I still laugh watching Adam Montoya's (Seananners) videos where he goofed around with friends in multiplayer mods of Half-Life 2 and user-created modes for Garry's Mod, such as Prop Hunt and Trouble in Terrorist Town. However, I've fallen off of the Let's Play bandwagon for some time. I have little time to play videogames as it is, let alone watch other people do that for me . . . but I do make exceptions here and there if some content creators happen to meet my higher standards of who's worth watching while I'm, say, eating dinner or cramped on the bus ride home.

I sound like a snobby connoisseur of streamers and Let's Players (if there's such a thing), but I'm truly picky. I almost always refuse to watch playthroughs unless there's a great speedrun to check out. I'll watch crazy edits of gameplay and chuckle along with people messing around with reworked rules for a game.  Clips of subversive mods can send me reeling. Highlights of esports matches can hype me up, too, but I don't really invest in the competitive scene otherwise. I'm curious to see how other players react to moments from The Last Guardian or Wolfenstein: The New Order . . . I never stick around to watch the entirety of their playthroughs though.

There's a running theme here. I seem to enjoy silly gameplay well enough, so you'd think I would've jumped into them myself since I'm not partial to experiencing games vicariously.

Well, no. And my reasons are flimsy at best.

Much like how Grifball rose to official status through the Halo community, Prop Hunt evolved from Team Fortress 2 and Half-Life 2 mods. You'd be surprised how many staple modes arose from players!

Another way I closely guard my time is to make the most of my multiplayer and single-player escapades, so I'll lower the difficulty of some games if I get stuck for an inordinate amount of time (at that point, I'd rather move on to other games than prove something). If I earn more XP or can take on challenges with a multiplayer mode, I'll forego others that might be more fun for the sake of knocking multiple birds out with one stone. I might as well, right? Why waste time playing no-nonsense modes like Prop Hunt in Call of Duty: WWII when I can accomplish something? With those misgivings, my friends had to chop away at them until I relented.

I hadn't laughed so hard playing Call of Duty in years, nor been so engaged, but that has less to do with skill and more with the pure fun of it all.

If you get to the bones of Team Deathmatch, it's classic yet safe and comfortable. It can certainly be fun, but I find myself zoning out since I mostly use it as a means to chat with friends. I wouldn't still be playing the game otherwise. It's not like Rainbow Six: Siege or competitive seasons in Overwatch where players' focus and skill is (optimally) demanded at all times. Those can be great fun, but you can't relax and do what you want, otherwise you'd be spoiling the competition for everyone. It's all in or nothing.

Team Deathmatch also isn't like the aforementioned goofy modes that toy with a game's intended experience with bizarre, unconventional rules. Things may get heated and "serious" depending on the nature of any given one, but more often than not, everyone will laugh off defeat because people are three to have a good time.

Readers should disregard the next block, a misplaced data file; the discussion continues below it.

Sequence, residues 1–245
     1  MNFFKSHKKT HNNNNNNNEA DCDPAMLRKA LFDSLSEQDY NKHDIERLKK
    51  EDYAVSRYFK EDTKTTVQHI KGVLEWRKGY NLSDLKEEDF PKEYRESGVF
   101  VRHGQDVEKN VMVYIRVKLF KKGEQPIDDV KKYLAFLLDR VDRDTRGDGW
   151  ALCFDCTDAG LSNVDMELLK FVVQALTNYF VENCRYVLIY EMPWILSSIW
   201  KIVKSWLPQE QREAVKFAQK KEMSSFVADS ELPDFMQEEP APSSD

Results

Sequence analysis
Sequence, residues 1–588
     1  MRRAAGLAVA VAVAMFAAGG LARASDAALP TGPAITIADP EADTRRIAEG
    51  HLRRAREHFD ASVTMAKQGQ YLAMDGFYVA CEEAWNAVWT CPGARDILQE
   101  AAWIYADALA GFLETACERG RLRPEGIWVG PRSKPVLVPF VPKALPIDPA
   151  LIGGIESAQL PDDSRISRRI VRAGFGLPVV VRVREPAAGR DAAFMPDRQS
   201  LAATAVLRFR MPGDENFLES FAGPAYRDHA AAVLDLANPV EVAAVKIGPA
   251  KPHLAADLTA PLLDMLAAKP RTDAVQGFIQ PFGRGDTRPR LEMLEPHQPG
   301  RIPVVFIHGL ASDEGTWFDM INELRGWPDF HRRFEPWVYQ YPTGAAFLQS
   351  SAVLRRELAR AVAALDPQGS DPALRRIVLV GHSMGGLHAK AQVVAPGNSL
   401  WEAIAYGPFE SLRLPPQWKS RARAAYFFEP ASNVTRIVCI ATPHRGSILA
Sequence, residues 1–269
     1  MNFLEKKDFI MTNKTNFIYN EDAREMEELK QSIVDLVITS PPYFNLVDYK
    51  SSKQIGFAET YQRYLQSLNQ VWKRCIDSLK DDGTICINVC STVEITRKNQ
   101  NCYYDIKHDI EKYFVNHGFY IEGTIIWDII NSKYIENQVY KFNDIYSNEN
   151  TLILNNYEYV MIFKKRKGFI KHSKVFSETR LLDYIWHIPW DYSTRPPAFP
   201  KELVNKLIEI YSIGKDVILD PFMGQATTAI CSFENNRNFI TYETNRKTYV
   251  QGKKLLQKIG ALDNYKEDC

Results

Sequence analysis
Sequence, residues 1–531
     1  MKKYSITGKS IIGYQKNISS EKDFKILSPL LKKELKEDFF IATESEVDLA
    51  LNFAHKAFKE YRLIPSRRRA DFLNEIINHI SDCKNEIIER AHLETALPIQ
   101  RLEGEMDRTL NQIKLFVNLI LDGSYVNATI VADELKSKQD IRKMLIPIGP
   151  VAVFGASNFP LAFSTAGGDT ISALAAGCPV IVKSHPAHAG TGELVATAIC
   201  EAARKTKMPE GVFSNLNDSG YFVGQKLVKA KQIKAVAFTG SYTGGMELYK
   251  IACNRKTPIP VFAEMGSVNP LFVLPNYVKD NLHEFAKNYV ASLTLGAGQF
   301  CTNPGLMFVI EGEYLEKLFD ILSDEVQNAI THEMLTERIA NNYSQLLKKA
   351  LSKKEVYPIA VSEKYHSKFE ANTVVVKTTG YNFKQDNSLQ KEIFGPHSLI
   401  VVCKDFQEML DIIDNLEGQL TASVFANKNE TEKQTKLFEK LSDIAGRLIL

Standard modes often feel like they're in-between those two categories. You're encouraged to play at your best, but can test trial new weapons, characters, or whatnot without being bashed (if you're not intentionally throwing games); teamwork is optimal, but being a lone wolf isn't necessarily frowned down upon; whatever goes, but not exactly. It's a middle ground of conflicting expectations that borderline on spiraling into apathy. I don't usually feel this way starting out with any game because I'm invested in figuring out how it works and how to play well.

Just approach Overwatch the same way Junkrat does: it's all a game. Mix things up by moving from competitive matches and testing out the insanity of low gravity or random Hero game modes. How about everyone playing as McCree with High Noon enabled at all times? It's stupid . . . but sounds fun, doesn't it?

Over time, that gradually fades away with usual modes like Quick Play in Overwatch, Clash in Destiny 2, Rush in Battlefield One – I find myself playing them to pass the time with something that's engaging enough, but not on a deeper, memorable level. If I'm playing with friends or by myself, there's little need to coordinate or focus with these modes. It's all background dressing or a means to sate my boredom. And hey, when you just want to chill out, they're perfect.

However, if you want to bring the attention on playing a game to its fullest, you shouldn't cling to standard modes to simply level up and earn things if you're trying to give yourself things to do. You should devote that focus to competitive modes, but if you're looking for a silly, good time, you shouldn't turn your nose up to custom games or the Arcade in Overwatch. Get involved in the spontaneity of a battle royale title like Fortnite. Call of Duty's Gesture Warfare and Prop Hunt may not earn you much XP or contribute to your KDR, but they will raise your spirits with how hilarious and entertaining things can get. Go on and give those player-created modes a go with a group of friends to goof around in.

In a time that prompts us to consider how to always optimize our time, we shouldn't always let that grip our gaming habits and get-togethers. You might wonder the point behind such an outlook, but you won't for much longer if you forget the typical objectives and ascribed reasons to experience any given game. Revel in the idea to live and let play.